Indoor lighting for better vision

Light Up Your Life

When it comes to indoor lighting, many of us could use, well, a bit of illumination. What lights are actually best for us – and our eyes? What is marketing hype and what should we really pay attention to?

To find out, CNIB contacted Drs. Jeff Hovis and Graham Strong, both from the University of Waterloo’s School of Optometry. Dr. Hovis is a specialist in occupational vision, and Dr. Strong is a director of the University of Waterloo’s renowned Centre for Sight Enhancement.

Lighting Myths and Facts

The good news is that although many of us think we can permanently damage our sight with incorrect lighting (remember when our parents used to tell us to read with more light or we’d go blind?), both Hovis and Strong say this is impossible. On the other hand, the effects of bad lighting can be very uncomfortable and can even lead to serious injury if you can’t see while doing something dangerous.

So when it comes to lighting our lives, what counts, according to our experts? Number one: quantity of light. And number two: reducing glare.

Shedding Light on Your Workspace

Although there are thousands of occupations, each with individual lighting requirements, Hovis focused his comments on a typical office, an environment many of us are familiar with.

Today, most offices are well designed in terms of lighting – banks of over-bright, improperly shaded fluorescents are mainly a thing of the past. But occasionally computers and office lighting still don’t work well together. The key is to make sure the area around your computer monitor is roughly the same brightness as the screen itself.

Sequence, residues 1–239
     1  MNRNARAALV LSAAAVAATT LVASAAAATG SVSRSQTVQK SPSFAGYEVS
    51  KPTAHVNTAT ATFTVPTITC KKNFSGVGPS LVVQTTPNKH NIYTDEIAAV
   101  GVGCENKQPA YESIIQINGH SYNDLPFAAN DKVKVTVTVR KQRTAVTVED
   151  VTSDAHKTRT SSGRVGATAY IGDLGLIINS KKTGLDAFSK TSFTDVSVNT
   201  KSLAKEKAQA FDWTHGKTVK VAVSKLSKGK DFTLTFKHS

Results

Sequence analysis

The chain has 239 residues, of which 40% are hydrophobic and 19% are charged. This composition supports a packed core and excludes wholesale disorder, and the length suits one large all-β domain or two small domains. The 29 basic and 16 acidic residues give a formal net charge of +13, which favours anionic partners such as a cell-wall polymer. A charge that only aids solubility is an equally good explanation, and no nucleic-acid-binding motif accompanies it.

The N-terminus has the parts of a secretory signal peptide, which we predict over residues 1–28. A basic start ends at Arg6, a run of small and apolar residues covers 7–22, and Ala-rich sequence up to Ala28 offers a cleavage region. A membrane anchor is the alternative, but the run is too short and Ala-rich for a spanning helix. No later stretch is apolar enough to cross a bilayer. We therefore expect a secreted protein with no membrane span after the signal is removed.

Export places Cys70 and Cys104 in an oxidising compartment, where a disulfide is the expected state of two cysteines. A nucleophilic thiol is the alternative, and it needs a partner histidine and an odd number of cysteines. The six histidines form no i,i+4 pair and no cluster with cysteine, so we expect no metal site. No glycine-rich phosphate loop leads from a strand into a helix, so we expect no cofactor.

If your monitor is placed in front of a window, or if the overall lighting in your office is much brighter or dimmer than your screen, the result is “discomfort glare.” Discomfort glare is the same thing you experience after coming across someone’s high beams when driving at night or when coming indoors after being in bright sunlight.

Discomfort glare can be subtle. When you look back and forth from your screen to the surrounding area, you may feel disoriented and have difficulty concentrating – without even being aware of the problem. Over time you may develop eye strain and headaches.

Monitor Your Glare (Don’t Glare at Your Monitor)

Try these simple diagnostic tricks at work if you think discomfort glare might be an issue:

  • Wear a hat with a brim for a couple of hours. If you feel more comfortable when you have it on, it means your overhead light is much brighter than your monitor.
  • Hold a blank sheet of paper off to the side of your monitor and a few inches back. The paper should have roughly the same brightness as your monitor. If not, make adjustments until it does.

You should also watch out for reflection. If you can see yourself or parts of your environment in your monitor, you also have a glare problem.

So, how to eliminate reflections and discomfort glare? Try any or all of the following:

  • Move your monitor to a new position on your desk (even changing the angle or shifting it a few inches can make a difference).
  • Change the overhead lighting in the room if possible or lower a window shade when needed.
  • Adjust your monitor’s contrast and brightness to suit the surrounding light.
  • Add a task light if your screen is bright and the surface of your desk is dim. Your lamp should be aimed onto the documents you are referring to and away from the computer.

Shedding Light at Home

Image of a lamp on a desk in a dimly lit room.

So that takes care of eight hours (or more!) of your day. But what about lighting at home?

At the Centre for Sight Enhancement, Strong often advises people about lighting in the home. “Studies show that most households are significantly under illuminated,” he says. And as we get older, we need even more light in our homes – usually about 10 per cent more each decade.